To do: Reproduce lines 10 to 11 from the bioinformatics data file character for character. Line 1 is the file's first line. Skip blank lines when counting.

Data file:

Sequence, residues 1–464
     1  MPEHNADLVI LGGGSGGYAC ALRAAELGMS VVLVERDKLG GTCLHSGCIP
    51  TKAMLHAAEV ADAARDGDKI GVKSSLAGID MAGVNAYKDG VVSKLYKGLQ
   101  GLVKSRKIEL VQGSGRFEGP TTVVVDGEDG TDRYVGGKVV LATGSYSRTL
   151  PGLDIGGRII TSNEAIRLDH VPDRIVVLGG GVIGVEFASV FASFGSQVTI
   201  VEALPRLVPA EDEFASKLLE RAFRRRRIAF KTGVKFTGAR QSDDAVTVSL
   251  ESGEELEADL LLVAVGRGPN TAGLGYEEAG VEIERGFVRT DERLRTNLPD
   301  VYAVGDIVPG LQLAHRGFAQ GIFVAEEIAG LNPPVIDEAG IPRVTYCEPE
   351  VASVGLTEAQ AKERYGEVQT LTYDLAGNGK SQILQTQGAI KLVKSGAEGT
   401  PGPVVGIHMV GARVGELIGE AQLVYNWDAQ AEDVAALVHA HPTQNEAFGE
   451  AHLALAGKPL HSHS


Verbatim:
   401  PGPVVGIHMV GARVGELIGE AQLVYNWDAQ AEDVAALVHA HPTQNEAFGE
   451  AHLALAGKPL HSHS